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Biology chapt 9

Biology chapter 9

cell cycle An ordered sequence of events in eukaryotes that involves cell growth and nuclear division; consists of the stages Gp, S, G2, and M.
interphase Stages of the cell cycle (Gp S, G2) during which growth and DNA synthesis occur when the nucleus is not actively dividing.
chromatid Following replication, a chromosome consists of a pair of sister chromatids, held together at the centromere; each chromatid is comprised of a single DNA helix.
sister chromatid One of two genetically identical chromosomal units that are the result of DNA replication and are attached to each other at the centromere.
mitosis The stage of cellular reproduction in which nuclear division occurs; process in which a parent nucleus produces two daughter nuclei, each having the same number and kinds of chromosomes as the parent nucleus.
cytokinesis Division of the cytoplasm following mitosis or meiosis.
mitotic spindle A complex of microtubules and associated proteins that assist in separating the chromatids during cell division.
signal Molecule that stimulates or inhibits an event in the cell.
growth factor A hormone or chemical, secreted by one cell, that may stimulate or inhibit growth of another cell or cells.
apoptosis Programmed cell death; involves a cascade of specific cellular events leading to death and destruction of the cell.
somatic cell Body cell; excludes cells that undergo meiosis and become sperm or eggs.
cyclin Protein that cycles in quantity as the cell cycle progresses; combines with and activates the kinases that promote the events of the cycle.
euchromatin Chromatin with a lower level of compaction and therefore accessible for transcription.
heterochromatin Highly compacted chromatin that is not accessible for transcription.
diploid (2n) Cell condition in which two of each type of chromosome are present.
haploid (n) Cell condition in which only one of each type of chromosome is present.
centromere Constriction where sister chromatids of a chromosome are held together.
kinetochore An assembly of proteins that attaches to the centromere of a chromosome during mitosis.
centrosome Central microtubule organizing center of cells. In animal cells, it contains two centrioles.
centriole Cell structure, existing in pairs, that occurs in the centrosome and may help organize a mitotic spindle for chromosome movement during animal cell division.
prophase First phase of mitosis; characterized by the condensation of the chromatin; chromosomes are visible, but scattered in the nucleus.
prometaphase Second phase of mitosis; chromosomes are condensed but not fully aligned at the metaphase plate.
metaphase Third phase of mitosis; chromosomes are aligned at the metaphase plate.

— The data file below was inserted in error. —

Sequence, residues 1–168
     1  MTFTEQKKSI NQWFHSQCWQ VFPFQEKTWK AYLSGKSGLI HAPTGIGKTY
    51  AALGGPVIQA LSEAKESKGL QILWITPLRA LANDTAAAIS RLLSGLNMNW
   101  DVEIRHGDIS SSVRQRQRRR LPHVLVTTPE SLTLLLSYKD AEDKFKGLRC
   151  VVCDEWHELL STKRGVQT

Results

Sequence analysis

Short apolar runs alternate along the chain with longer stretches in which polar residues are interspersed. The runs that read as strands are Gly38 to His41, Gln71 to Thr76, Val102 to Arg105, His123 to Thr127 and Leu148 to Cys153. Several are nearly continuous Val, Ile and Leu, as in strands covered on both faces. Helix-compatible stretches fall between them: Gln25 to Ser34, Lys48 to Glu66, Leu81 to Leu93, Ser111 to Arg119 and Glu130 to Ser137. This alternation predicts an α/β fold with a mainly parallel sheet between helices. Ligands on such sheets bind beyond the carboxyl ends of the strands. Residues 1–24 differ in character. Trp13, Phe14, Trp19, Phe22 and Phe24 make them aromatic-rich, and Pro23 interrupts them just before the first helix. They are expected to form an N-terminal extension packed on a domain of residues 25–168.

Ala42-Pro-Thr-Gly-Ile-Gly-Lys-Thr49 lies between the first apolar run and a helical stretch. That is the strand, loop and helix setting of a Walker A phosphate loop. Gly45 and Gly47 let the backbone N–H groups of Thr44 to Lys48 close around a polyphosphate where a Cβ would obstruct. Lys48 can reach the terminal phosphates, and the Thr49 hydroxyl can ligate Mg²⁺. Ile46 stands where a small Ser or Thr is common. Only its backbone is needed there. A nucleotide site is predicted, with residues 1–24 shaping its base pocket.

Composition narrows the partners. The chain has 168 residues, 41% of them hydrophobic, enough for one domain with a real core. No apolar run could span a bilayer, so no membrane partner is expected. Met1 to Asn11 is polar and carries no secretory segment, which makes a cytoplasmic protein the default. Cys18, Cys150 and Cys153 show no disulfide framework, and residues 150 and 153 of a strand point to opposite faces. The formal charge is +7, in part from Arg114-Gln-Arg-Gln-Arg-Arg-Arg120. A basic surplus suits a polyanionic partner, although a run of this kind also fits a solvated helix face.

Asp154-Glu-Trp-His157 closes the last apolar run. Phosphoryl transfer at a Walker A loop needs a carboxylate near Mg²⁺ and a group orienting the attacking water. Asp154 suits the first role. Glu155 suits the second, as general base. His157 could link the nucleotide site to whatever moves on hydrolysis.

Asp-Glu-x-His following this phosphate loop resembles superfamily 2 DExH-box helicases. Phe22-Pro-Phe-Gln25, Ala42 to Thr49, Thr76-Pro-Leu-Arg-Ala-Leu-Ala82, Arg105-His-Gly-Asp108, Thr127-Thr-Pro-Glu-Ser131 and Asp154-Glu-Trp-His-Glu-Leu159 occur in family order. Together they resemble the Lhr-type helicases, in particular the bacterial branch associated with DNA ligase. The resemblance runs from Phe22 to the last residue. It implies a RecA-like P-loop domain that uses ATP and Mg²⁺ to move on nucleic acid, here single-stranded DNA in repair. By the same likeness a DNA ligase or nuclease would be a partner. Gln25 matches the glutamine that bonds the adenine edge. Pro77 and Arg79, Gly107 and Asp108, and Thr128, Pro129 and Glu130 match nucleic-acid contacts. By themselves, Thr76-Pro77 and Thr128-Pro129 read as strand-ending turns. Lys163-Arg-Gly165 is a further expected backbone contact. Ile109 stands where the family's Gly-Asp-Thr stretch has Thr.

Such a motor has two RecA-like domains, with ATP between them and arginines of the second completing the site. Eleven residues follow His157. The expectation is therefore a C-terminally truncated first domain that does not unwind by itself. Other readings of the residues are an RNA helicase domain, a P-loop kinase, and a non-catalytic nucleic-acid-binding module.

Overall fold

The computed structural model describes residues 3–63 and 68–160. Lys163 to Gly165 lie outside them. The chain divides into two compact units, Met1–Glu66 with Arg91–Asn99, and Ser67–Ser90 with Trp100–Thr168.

anaphase Fourth phase of mitosis; chromosomes move toward the poles of the spindle.
telophase Final phase of mitosis; daughter cells are located at each pole.
cleavage furrow Indentation in the plasma membrane of animal cells during cell division; formation marks the start of cytokinesis.
cell plate Structure across a dividing plant cell that signals the location of new plasma membranes and cell walls.
therapeutic cloning Used to create mature cells of various cell types. Facilitates study of specialization of cells and provides cells and tissue to treat human illnesses.
reproductive cloning Used to create an organism that is genetically identical to the original individual.
cancer Malignant tumor whose nondifferentiated cells exhibit loss of contact inhibition, uncontrolled growth, and the ability to invade tissue and metastasize.
benign Mass of cells derived from a single mutated cell that has repeatedly undergone cell division but has remained at the site of origin.
malignant The power to threaten life; cancerous.
tumor Cells derived from a single mutated cell that has repeatedly undergone cell division; benign tumors remain at the site of origin, while malignant tumors metastasize.
metastasis Spread of cancer from the place of origin throughout the body; caused by the ability of cancer cells to migrate and invade tissues.
angiogenesis Formation of new blood vessels; rapid angiogenesis is a characteristic of cancer cells.
proto-oncogene Gene that promotes the cell cycle and prevents apoptosis; may become an oncogene through mutation.
tumor suppressor gene Gene that codes for a protein that ordinarily suppresses the cell cycle; inactivity due to a mutation can lead to a tumor.
oncogene Cancer-causing gene formed by a mutation in a proto-oncogene; codes for proteins that stimulate the cell cycle and inhibit apoptosis.
telomere Tip of the end of a chromosome that shortens with each cell division and may thereby regulate the number of times a cell can divide.
asexual reproduction Reproduction that requires only one parent and does not involve gametes.
nucleoid Region of prokaryotic cells where DNA is located; it is not bound by a nuclear envelope.
binary fission Splitting of a parent cell into two daughter cells; serves as an asexual form of reproduction in bacteria.
Created by: Haleyannestes
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